Kumanchik keeps spot on primary ballot after court challenge


Photo courtesy of Chris Kumanchik

Pitt student Chris Kumanchik will appear on the democratic primary ballot for the District 3 seat on Pittsburgh City Council after being cleared from challenges on the validity of his petition for candidacy.

By Erica Guthrie, Senior Staff Writer

Pitt student Chris Kumanchik, who is running for the 3rd District seat on Pittsburgh City Council, has been cleared from challenges on the validity of his petition for candidacy and will appear on the Democratic primary ballot.

Challenges against Kumanchik, a senior studying computer science and engineering, were filed by Ken Wolfe, another city council candidate in the 3rd District Democratic primary. Although the hearing for the challenges was originally set for March 28, it had to be rescheduled for April 2 after Kumanchik failed to appear in court.

Challengers to a candidate are required to formally serve the candidate with their challenge, but according to Kumanchik, Wolfe had not served the challenge to him before the original court date.

Kumanchik appeared in elections court on Tuesday to defend his candidacy. Now, the May 21 ballot will feature Kumanchik, Wolfe and incumbent Bruce Kraus, who has been been on the City Council since 2008 and became president of the City Council in 2014.

Senior Judge Joseph James pushed Kumanchik’s elections court appearance, originally scheduled for last Thursday, to April 2 because of concerns that Kumanchik was not served properly with notice of challenge.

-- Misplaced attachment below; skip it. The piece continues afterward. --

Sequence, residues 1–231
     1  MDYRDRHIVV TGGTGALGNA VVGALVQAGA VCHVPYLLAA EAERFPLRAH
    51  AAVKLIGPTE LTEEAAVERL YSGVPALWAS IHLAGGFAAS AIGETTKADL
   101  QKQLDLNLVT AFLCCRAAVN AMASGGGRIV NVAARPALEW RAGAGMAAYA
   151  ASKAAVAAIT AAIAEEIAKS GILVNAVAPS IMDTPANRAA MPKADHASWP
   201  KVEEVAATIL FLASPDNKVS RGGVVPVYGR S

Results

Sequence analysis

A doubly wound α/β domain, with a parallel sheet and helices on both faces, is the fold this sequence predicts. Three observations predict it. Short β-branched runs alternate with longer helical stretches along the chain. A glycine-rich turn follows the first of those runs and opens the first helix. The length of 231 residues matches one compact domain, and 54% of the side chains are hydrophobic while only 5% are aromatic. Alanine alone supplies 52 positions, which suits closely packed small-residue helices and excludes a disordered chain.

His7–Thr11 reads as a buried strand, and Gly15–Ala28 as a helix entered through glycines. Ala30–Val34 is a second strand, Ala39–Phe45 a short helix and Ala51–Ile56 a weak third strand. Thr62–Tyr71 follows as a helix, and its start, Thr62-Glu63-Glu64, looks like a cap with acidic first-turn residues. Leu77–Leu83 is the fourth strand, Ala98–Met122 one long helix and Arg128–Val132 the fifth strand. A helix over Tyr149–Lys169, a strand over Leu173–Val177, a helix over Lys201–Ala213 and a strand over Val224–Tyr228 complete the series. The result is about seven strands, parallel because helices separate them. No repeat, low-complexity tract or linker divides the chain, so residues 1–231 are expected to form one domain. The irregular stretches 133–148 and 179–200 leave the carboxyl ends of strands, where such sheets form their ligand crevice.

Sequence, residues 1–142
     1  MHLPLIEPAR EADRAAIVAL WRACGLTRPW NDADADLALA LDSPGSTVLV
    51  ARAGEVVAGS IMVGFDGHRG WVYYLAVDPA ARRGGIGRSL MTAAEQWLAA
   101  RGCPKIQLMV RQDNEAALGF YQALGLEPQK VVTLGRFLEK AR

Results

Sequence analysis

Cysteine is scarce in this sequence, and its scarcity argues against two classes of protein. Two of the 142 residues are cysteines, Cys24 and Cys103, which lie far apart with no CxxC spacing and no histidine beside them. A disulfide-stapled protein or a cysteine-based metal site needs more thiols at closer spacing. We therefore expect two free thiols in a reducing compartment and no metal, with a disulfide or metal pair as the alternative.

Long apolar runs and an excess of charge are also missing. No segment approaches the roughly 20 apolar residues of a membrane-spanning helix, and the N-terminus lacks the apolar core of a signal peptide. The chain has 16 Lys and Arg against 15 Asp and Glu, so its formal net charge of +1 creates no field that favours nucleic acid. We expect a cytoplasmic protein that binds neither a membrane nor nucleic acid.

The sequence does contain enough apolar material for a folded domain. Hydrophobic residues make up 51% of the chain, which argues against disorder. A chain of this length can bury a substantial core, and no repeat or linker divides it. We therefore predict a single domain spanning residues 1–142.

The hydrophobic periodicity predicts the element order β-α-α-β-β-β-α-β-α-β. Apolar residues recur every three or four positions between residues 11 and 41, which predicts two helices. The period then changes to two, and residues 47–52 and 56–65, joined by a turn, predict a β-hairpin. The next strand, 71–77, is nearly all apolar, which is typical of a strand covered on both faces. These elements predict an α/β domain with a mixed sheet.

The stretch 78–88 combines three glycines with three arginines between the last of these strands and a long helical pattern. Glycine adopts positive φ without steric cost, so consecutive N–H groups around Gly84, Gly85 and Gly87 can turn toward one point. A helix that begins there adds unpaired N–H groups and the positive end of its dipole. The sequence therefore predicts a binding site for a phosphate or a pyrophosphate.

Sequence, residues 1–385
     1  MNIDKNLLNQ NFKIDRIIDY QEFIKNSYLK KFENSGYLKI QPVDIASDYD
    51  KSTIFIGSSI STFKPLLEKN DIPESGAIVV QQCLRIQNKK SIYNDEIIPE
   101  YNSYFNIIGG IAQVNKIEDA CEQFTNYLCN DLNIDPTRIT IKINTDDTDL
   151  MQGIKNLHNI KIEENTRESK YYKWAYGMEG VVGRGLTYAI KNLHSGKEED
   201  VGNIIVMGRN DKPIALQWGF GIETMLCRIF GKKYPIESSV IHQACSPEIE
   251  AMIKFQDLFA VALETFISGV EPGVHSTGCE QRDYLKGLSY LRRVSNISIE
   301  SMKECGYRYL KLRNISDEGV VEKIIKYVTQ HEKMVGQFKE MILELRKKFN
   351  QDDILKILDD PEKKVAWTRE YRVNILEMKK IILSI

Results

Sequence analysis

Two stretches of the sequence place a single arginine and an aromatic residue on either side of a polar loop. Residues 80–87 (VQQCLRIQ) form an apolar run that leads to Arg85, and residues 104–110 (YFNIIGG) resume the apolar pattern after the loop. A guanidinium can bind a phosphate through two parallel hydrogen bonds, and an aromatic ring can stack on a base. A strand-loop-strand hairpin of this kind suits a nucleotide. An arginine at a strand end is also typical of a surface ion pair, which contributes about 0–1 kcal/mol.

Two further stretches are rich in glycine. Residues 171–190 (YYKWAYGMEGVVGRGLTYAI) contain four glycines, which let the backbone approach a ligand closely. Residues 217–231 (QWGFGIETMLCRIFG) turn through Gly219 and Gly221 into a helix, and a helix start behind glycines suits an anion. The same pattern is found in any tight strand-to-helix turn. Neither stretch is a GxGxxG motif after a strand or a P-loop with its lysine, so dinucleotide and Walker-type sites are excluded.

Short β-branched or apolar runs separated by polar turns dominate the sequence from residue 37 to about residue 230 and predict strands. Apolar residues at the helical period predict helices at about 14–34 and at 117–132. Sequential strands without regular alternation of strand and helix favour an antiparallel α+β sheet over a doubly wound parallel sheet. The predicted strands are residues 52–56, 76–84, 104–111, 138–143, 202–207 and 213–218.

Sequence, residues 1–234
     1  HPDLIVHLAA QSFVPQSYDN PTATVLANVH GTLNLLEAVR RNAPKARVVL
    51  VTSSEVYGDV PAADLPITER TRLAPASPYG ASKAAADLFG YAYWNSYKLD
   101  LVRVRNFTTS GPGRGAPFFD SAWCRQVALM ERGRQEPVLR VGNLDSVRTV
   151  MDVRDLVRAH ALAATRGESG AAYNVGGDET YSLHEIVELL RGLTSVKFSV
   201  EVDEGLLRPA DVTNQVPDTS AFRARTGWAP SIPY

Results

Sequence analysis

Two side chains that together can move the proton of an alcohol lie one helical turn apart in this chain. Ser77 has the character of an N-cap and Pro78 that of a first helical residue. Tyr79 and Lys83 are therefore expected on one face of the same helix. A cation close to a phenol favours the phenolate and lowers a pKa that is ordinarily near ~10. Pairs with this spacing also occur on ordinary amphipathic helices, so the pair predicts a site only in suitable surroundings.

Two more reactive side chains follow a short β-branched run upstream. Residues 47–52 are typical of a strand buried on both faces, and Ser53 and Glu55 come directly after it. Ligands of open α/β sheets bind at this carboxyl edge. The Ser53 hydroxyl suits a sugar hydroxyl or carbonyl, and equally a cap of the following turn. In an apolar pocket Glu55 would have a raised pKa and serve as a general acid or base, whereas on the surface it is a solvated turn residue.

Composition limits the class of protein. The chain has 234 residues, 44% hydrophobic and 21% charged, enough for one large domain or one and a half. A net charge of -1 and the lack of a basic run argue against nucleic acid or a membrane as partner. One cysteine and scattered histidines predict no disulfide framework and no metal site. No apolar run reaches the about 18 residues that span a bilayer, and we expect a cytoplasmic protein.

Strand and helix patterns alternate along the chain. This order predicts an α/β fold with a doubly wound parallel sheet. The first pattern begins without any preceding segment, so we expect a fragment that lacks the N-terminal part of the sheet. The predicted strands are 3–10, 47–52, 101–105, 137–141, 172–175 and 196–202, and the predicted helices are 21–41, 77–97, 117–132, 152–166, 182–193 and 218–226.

“I believe the original hearing had been scheduled for Thursday, but I had not been served and was simply unaware of the details of the proceeding,” Kumanchik said in an email Tuesday.

Kumanchik said Wolfe challenged the validity of the signatures on his petition, but since Kumanchik reached the threshold of 100 valid signatures required to appear on the primary ballot, the challenge was overturned.

Frequently, such challenges concern the validity of those who sign the an individual’s petition for candidacy, Kumanchik said. The most common challenges involve signees not being registered in the candidate’s district or a member of the candidate’s party, but can sometimes concern things like signer’s handwriting.

“In my case, enough of [the signatures] withstood the challenges,” Kumanchik said.

As the May 21 primary nears, Kumanchik has focused on his campaign. He has reached out to the 3rd District’s constituents, who are spread over 12 neighborhoods that include South and Central Oakland.

“Right now I have a team of people doing a lot of canvassing, and I have also been going door to door,” Kumanchik said. “With the challenge out of the way I can continue and increase our efforts to raise money as well, and that is the majority of my campaign.”

When the three candidates reported their campaign finances at the end of February, the Kraus campaign had nearly $40,000, the Wolfe campaign had $461 and Kumanchik had $35, as reported by the Post-Gazette.

Wolfe did not respond to a request for comment before publication.